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Three.

You’re not a baby anymore, or so you say. You’re a big boy! Well, not quite. Not yet. But you most definitely are not a baby.

You’re potty trained, you talk a blue streak, you like to sing. Whatever needs doing, you want to do it yourSELF.

Last night, when I had my back turned, you got into the Monopoly box and emptied it onto the floor – every last dollar bill. Your sister found you, and I heard her say, “Zev, no! That’s a choking hazard!”

My first thought was, you’re almost three! Choking hazards are so passé.

These days you’re all about the costume changes. Your chef costume (your “baker”) is still your primary preoccupation, but you’re glad to moonlight as a police man, an engineer, or a farmer.

When I told you I would bake you a birthday cake, you looked skeptical. “You will not fit in the costume,” you warned.

You make me laugh all the time, and you love to laugh along. You’re also turning into something of a troublemaker, but it’s impossible to stay angry with you for very long, especially now that you’ve adopted Swiper’s “oh man!” as your response to anything remotely disciplinary (thanks, Dora).

Some things haven’t changed. You still love to snuggle. Given the choice, you’d prefer to sleep in my bed rather than yours. You give amazing hugs. There’s nothing quite like the way your face lights up when you see me.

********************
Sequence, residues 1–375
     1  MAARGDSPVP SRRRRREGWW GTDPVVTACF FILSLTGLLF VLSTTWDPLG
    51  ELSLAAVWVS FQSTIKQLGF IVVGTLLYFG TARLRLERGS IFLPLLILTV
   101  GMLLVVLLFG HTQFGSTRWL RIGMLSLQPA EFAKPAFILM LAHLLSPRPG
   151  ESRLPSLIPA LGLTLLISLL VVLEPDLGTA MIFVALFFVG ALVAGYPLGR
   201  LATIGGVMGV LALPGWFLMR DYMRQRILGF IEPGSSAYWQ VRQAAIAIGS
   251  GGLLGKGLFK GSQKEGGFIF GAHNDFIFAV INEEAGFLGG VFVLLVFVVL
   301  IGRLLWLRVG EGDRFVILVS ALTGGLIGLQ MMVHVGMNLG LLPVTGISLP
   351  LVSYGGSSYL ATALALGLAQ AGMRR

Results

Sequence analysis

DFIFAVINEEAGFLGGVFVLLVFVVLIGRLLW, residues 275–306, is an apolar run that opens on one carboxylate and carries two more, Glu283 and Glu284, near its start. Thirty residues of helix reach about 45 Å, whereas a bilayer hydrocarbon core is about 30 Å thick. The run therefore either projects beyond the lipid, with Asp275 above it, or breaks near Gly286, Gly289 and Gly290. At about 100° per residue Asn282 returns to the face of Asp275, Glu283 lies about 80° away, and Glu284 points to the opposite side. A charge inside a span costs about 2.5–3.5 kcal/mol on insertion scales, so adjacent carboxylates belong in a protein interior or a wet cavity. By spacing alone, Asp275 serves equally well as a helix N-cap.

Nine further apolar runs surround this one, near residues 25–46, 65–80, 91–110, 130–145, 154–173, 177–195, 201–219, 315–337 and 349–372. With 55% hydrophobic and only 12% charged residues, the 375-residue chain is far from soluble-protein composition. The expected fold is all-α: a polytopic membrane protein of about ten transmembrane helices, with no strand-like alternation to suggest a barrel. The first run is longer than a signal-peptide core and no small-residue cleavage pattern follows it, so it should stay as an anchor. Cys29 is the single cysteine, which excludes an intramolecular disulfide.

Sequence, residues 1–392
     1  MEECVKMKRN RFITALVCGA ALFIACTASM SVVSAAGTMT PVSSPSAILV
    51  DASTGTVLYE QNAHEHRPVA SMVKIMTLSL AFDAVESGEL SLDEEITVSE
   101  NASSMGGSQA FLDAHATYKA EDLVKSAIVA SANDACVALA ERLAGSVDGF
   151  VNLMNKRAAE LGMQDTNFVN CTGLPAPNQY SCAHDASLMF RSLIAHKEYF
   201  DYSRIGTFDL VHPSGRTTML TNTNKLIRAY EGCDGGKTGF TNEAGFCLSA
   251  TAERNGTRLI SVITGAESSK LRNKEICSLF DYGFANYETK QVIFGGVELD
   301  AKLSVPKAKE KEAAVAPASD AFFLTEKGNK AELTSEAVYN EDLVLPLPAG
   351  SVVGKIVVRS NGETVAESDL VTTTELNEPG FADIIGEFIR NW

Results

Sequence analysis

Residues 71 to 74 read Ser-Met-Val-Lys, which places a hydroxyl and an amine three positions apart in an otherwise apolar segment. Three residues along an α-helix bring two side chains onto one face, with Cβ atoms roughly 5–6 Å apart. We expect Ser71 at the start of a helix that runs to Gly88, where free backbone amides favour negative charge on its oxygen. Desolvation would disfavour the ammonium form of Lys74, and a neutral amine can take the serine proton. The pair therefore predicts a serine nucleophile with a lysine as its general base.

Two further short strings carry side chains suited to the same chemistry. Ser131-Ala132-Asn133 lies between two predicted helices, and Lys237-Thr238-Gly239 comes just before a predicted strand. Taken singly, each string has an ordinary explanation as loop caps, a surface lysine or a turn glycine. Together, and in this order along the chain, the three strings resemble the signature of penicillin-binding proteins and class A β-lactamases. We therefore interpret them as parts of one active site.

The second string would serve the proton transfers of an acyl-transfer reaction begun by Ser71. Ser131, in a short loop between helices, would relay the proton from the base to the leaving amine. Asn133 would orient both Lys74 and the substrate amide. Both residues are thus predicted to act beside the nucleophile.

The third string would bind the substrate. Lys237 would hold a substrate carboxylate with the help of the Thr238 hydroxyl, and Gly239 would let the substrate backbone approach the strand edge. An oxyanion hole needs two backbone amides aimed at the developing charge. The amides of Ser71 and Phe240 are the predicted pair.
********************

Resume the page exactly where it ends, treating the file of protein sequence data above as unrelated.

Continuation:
Sometimes I wake up in the middle of the night and find you lying right up against me. I marvel at how much you’ve grown since the first night we spent that way, curled next to each other in a hospital bed. And I wonder how many more nights we’ll have like this.

I think columnist Carol Band summed it up perfectly in her final parenting column, published last month in the Boston Parents Paper:

Parents are obsessed with firsts – the first smile, tooth or step. We anticipate, encourage and videotape. We fill baby books and photo albums to document the first day of school, first words, first haircut. The lasts, however, are sneakier. The last time you read a bedtime story or French braid your daughter’s hair are not celebrated or mourned – because even while they’re happening, you don’t know that you’ll never do it again.

The first three  years are full of firsts, one after another. Now they’ll slow down, and it will be time to confront some of those unwelcome lasts.

It’s bittersweet, but at least I know you’ll make it fun. You always do.

Happy 3rd birthday, Z!

See also:

Welcome to the world, Baby Boy

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